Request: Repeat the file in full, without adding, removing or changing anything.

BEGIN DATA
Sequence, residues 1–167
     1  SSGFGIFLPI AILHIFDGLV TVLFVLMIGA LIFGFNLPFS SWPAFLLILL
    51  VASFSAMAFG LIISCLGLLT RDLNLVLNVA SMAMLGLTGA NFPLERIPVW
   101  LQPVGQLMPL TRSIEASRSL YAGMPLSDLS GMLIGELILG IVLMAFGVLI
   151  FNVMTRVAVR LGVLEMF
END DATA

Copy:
Sequence, residues 1–167
     1  SSGFGIFLPI AILHIFDGLV TVLFVLMIGA LIFGFNLPFS SWPAFLLILL
    51  VASFSAMAFG LIISCLGLLT RDLNLVLNVA SMAMLGLTGA NFPLERIPVW
   101  LQPVGQLMPL TRSIEASRSL YAGMPLSDLS GMLIGELILG IVLMAFGVLI
   151  FNVMTRVAVR LGVLEMF